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Lecture 4

Week 4 Notes.docx

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Department
Anthropology
Course
AN101
Professor
Tristan Long
Semester
Winter

Description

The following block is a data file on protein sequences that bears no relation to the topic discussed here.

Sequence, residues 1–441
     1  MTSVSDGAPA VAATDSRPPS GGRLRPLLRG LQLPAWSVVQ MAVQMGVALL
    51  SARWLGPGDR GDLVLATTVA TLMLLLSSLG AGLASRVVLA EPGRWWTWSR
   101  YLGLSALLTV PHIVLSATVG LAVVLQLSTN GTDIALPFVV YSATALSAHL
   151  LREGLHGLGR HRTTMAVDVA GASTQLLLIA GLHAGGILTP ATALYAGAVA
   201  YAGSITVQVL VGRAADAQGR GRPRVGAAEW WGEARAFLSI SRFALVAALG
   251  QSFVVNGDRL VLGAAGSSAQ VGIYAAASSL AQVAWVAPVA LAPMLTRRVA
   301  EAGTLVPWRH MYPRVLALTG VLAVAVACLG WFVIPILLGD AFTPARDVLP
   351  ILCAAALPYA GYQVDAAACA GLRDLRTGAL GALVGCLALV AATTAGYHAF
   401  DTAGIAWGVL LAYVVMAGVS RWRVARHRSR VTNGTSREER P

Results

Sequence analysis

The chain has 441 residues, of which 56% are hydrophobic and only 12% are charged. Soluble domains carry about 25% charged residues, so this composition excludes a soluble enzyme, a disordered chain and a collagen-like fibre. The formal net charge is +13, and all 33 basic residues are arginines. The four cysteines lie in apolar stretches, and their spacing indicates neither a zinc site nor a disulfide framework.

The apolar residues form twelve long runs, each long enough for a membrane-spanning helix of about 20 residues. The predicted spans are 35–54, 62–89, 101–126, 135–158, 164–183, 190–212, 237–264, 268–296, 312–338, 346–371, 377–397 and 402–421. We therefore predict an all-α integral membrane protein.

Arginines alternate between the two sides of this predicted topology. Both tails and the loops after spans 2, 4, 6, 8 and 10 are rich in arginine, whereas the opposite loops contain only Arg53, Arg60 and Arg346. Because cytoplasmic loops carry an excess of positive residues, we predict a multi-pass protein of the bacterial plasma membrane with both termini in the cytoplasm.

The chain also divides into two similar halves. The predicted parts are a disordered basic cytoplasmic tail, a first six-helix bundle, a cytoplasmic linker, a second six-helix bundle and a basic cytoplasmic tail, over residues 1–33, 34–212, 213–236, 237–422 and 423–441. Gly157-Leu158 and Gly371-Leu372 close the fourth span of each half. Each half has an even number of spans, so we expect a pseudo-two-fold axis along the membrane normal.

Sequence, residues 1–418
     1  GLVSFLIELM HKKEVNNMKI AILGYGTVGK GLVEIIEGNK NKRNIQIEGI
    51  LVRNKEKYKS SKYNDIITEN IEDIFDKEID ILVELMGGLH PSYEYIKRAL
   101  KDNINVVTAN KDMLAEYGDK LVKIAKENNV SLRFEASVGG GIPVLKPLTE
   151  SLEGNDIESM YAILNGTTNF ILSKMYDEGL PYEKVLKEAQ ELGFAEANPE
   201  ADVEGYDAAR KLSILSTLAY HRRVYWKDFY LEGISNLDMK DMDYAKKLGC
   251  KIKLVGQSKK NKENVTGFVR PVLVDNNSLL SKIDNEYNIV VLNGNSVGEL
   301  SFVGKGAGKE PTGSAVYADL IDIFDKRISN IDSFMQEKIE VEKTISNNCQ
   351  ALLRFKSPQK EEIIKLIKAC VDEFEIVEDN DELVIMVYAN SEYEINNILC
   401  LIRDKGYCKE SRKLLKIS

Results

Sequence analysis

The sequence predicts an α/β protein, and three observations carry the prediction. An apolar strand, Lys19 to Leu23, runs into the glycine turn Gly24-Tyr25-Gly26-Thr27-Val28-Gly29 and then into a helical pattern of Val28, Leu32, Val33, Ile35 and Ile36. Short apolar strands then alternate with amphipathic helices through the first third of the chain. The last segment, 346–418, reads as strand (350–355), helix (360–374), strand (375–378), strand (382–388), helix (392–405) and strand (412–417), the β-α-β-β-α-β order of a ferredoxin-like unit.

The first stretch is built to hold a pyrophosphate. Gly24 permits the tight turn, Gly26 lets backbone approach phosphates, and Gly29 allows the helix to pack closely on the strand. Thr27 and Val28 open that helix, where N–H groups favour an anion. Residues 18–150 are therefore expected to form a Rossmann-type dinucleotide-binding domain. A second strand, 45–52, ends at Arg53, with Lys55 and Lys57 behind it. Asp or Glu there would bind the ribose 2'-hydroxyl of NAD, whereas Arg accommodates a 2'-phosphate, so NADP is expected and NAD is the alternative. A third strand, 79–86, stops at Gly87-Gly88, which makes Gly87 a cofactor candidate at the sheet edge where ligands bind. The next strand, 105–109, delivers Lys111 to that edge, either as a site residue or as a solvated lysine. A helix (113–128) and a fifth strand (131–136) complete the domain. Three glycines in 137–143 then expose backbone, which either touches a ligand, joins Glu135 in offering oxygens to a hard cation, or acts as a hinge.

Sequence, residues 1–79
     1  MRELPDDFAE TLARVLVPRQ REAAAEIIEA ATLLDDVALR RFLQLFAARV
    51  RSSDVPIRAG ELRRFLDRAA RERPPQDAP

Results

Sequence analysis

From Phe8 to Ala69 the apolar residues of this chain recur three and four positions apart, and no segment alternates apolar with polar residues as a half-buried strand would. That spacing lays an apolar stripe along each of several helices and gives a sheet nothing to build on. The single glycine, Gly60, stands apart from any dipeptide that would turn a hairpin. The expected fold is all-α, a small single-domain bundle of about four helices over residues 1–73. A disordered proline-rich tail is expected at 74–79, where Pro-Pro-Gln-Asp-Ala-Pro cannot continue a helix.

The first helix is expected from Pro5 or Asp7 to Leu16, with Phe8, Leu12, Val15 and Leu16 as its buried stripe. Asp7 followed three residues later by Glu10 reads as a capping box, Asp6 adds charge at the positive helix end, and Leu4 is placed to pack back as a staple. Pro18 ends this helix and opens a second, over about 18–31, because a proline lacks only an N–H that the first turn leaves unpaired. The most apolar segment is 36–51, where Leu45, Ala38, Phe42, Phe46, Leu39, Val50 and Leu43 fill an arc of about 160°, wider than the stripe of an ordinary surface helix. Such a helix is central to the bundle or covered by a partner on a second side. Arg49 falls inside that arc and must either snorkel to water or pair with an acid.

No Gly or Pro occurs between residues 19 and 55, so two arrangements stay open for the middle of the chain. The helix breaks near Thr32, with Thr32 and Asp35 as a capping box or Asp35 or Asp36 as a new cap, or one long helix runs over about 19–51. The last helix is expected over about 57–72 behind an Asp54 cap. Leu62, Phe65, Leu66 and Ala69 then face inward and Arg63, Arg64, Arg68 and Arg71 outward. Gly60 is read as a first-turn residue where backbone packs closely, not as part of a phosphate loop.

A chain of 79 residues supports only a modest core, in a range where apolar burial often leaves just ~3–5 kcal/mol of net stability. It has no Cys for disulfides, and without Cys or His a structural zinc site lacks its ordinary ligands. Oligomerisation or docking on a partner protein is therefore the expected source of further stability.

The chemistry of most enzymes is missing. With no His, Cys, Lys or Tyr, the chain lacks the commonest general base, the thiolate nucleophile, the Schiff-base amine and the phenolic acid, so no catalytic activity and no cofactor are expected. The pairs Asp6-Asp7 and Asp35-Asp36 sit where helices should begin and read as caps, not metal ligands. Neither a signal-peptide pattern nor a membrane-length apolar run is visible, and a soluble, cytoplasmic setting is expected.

WEEK 4 Cultural Anthropology: Chapter 5: MAKING A LIVING WHAT IS ADAPTATION? Adaptation: refers to interaction between changes an organism makes in its environment and changes Environment makes in the organism -necessary for survival of all life forms - Social adaptation is crucial facet of all human cultures, as social structures and political Structures must be functionally suited to how social formation has adapted to its enviro HOW DO HUMANS ADAPT? -Humans adapt through the medium of culture as they develop ways of doing things compatible with resources available in their enviro, and according to the enviro’s limitation -Humans use various strategies for survival Patterns of Subsistence: various strategy adaptations for survival HOW DO HUMAN ADAPATION DIFFER FROM THAT OF OTHER ANIMALS? -b/c humans possess culture and language, and ability to symbolize -their adaptation and their survival best studied on several levels: Ecological Adaptation: involving the provision of food and shelf and maintain health Social Adaptation: concerns sociability between individuals and groups, maintenance of order, and reproduction, both biological and social, involving not only sexuality but relation of effective ties between offspring and parents Psychological Adaptation: relates to how humans through language and symbolic action create and maintain meaning and coherence in their lives. WHAT SORTS OF ADAPTATIONS HAVE HUMANS ACHIEVED OVER THE YEARS? Foraging: oldest and most wide spread adaptation - To it we owe, important elements of social org. like sexual division of labor, food sharing, domus (home base) -domestication of plants and animals developed in some parts of the world 9-11ooo years ago Horticulture: cultivation of domestic plants with using simple hand tools -In pastrolasti economy, which can be nomadic or seminomadic, reliance on rising herds of domestic animals -approximately 6000 years ago, intensive agriculture produced sufficient food to support urban population -today= mechanical agriculturalization - All living things must satisfy basic needs to be alive (food, water shelter) -we have culture, so when we run out of meat, we can get fruits and process them like meats -if our tools fail, we make better ones Adaptation: how humans adjusts in their environments to fulfill needs Patterns of Subsistence: aka Subsistence Round. Strategies to get food 5 patterns: 1. foraging (hunting/gathering) 2. Pastoralism: way of life that depends on raising livestock and living on its milk/meat 3. Horticulture: small scale cultivation using hand tools like digging sticks or hoes 4. Intensive Agriculture 5. Mechanized Agriculture (Industrialism) -Societies must have rules on how it’s harvested, and make laws, rights ADAPTATION -Tsembaga highlanders support themselves through horticulture – cultivation of crops using simple hand tools. -they also raise pigs, only eaten upon illness, warfare, celebration -at these time, pigs scarified to ancient spirits and flesh is ritually consumed by people involved. Guaranteed protein -Humans have strong impact on their environment Anthropogenesis: process where ecosystems are influenced/altered by humans. Ex: human impact on pollutionm -in central Africa, genetic mutation in human pop. Appeared, produced red blood cells taking on sickle shape due to low oxygen, and they’d die. But after horticulture was introduced, creating change in natural environment, mosquitos present, and they gave humans parasites which screened out all damaged red blood cells, infected cells and parasites so it was good. But if too much was destroyed, also bad Ecosystem: a system composed of both the physical environment and the organisms living within it. - Human Ecologists aka Cultural/Social Ecologist, concerned with detailed micro studies of particular human eco system, and concerned with all aspects of human culture Ecological Anthropology: focuses on how cultures interact with their environments -Adaptation must be understood also from historical context Ex: Ojibwa hunted moose, deer, bear, beaver, gathered plant foods, but after Europeans came and they did fir trade, and moved to different areas like Saskatchewan and Manitoba, they adopted Plain Nomadic lifestyle becoming bison hunters and accepting plains rituals like sun dance into their culture. THE FORAGING WAY OF LIFE -pygmies have been in forest for thousands of years -they don’t cut down forests and they know how to hunt the game, gather wild fruits -they know the noises bees make to find their hidden honey, knows what weather brings what mushroom, etc. - Less than 0.00005 person (less than a quarter million people) depend on hunting, gathering, etc. -of all people who ever lived, 90% =foragers because in the past that’s all people did - In order to understand our environment, and understand how food producing societies have arisen, we need to go back and learn the lifestyles of foraging adaptation. -Today foragers only found in deserts, inaccessible forests and Arctic tundra. -foraging societies referred as primitive, backward, undeveloped -but foraging societies were highly developed but in different ways that industrial sector -Foragers had well balanced diets and less likely than farmers to suffer famine. -Ju’hoansi have better nutrients since they gather/hunt food and work about 42 hours a week, which is less than average western work week -anthropologists may even refer foragers to the “original affluent society” -Modern foragers also interact with neighbors for help. – trading meat for fish, having place to live -Foragers don’t live that way because they don’t know any better; they do it because it’s the best way of survival or because they prefer it! CHARACTERISTICS OF FORAGERS 1. MOBILITY AND TECHNOLOGY - Foragers people who don’t farm/practice animal husbandrybreeding farm animals, so they live where food sources are available -hunting equipment varies -Mbuti pygmies sometimes hunt with nets and require cooperation of 7-30 families, and their camps are large -but camps of mbuti who use bow and arrows in smaller about 3-6 families -if too many archers, they’d have to be far from each other to make sure the bows don’t hit each other -usually have to move frequently and so they have fixed annual routes that cover a territory -some cover larger territory, Great Plains Blackfoot has large because they follow bison herd routes 2. CAMP ORGANIZATION Carrying Capacity: number of people the available resources can support @ given technological level Density of Social Relations: Roughly the number and intensity of interactions among members of a camp or other residential unit -population size may depend on a group’s understanding of environmental, on spiritual components, and cultural preferences -Ju’Honsi love visiting and sometimes joins other groups -groups with lots of children may join others with less children, or they may want lots of kids to ensure the group survives in future -foraging lifestyle with children is hard, so women frequently nurse to suppress ovulation reducing likelihood of pregnancies -Blackfoot due to scarce resources, people broke into smaller groups and moved away from harsh areas of winter -they killed many bison’s and preserved meat for long winter months -Blackfoot movement depended on seasonal available of food/resources and weather conditions -foragers must make long term adjustments to resources -rarely exceeds 1 person per 2.5 km, very low densities -women due to constant nursing, suppresses ovulation so women give birth in wide intervals 3. DIVISION OF LABOUR Division of Labour: crucial component of social organization and cooperation – observed in all humans and oldest form of culture - Men hunt large game, women: gathered and process vegetal food and did domestic chores -historically men were 2X the size of women -even now, women do a lot walk 10km with children , gather (ju Hoansi) but still not as much as men -biological differences prevent women from hunting/gathering walking long distance when pregnant -women have less bone mass and wider pelvis, so men are better runners -Sioux men lured in animals dressing like a bison then attacking -they’d lure in animals between drive lanes and down a hill into logs or their drive bison over a cliff “THE BUFFALO JUMP” – dated round 3000BC -men would then cut it into manageable pieces -the hides used to make clothing, moccasins -men and women worked together after successful hunt, stripping hides, melting bison fat -60-70% of modern forager’s diet is fruits, shellfish, and fish that women provide -foragers don’t actually hunt ALL the time, especially in hotter climates for example 4.FOOD SHARING -practice of sharing food between adults -women have control over the food they collect and share it with whomever -Men have rules and how much they can get and how they share it and to who -the importance of the camp as a center of daily activity and where food sharing takes place -human camps are not just sleeping areas, but place of congregation, eating and socializing GENDER AUTONOMY IN FORAGING GROUPS - Although some researchers argue that men in traditional foraging groups control women through arrange marriages, and exclude them from decision making, ethnographic literature says otherwise -not all groups get arranged marriage for kids and even if they do, both mom and dad must agree -women usually have greater influence in this Ex: Ju’honsi does this -if marriage not going well, woman can return home -Ojibwa people must prove to especially the mother of his desired bride that he will provide fo